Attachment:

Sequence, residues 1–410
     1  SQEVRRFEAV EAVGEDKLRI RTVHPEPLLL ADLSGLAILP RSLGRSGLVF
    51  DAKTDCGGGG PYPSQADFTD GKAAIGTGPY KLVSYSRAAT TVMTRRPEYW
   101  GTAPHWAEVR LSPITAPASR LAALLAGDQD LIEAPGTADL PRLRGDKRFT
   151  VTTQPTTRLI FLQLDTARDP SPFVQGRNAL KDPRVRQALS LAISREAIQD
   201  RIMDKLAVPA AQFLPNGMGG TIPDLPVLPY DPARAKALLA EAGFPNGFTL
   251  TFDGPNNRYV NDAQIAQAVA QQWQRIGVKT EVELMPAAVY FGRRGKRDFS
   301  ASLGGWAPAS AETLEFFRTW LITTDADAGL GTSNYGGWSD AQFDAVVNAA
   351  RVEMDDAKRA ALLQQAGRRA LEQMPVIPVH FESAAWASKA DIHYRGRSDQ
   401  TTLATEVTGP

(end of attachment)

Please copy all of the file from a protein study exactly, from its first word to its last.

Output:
Sequence, residues 1–410
     1  SQEVRRFEAV EAVGEDKLRI RTVHPEPLLL ADLSGLAILP RSLGRSGLVF
    51  DAKTDCGGGG PYPSQADFTD GKAAIGTGPY KLVSYSRAAT TVMTRRPEYW
   101  GTAPHWAEVR LSPITAPASR LAALLAGDQD LIEAPGTADL PRLRGDKRFT
   151  VTTQPTTRLI FLQLDTARDP SPFVQGRNAL KDPRVRQALS LAISREAIQD
   201  RIMDKLAVPA AQFLPNGMGG TIPDLPVLPY DPARAKALLA EAGFPNGFTL
   251  TFDGPNNRYV NDAQIAQAVA QQWQRIGVKT EVELMPAAVY FGRRGKRDFS
   301  ASLGGWAPAS AETLEFFRTW LITTDADAGL GTSNYGGWSD AQFDAVVNAA
   351  RVEMDDAKRA ALLQQAGRRA LEQMPVIPVH FESAAWASKA DIHYRGRSDQ
   401  TTLATEVTGP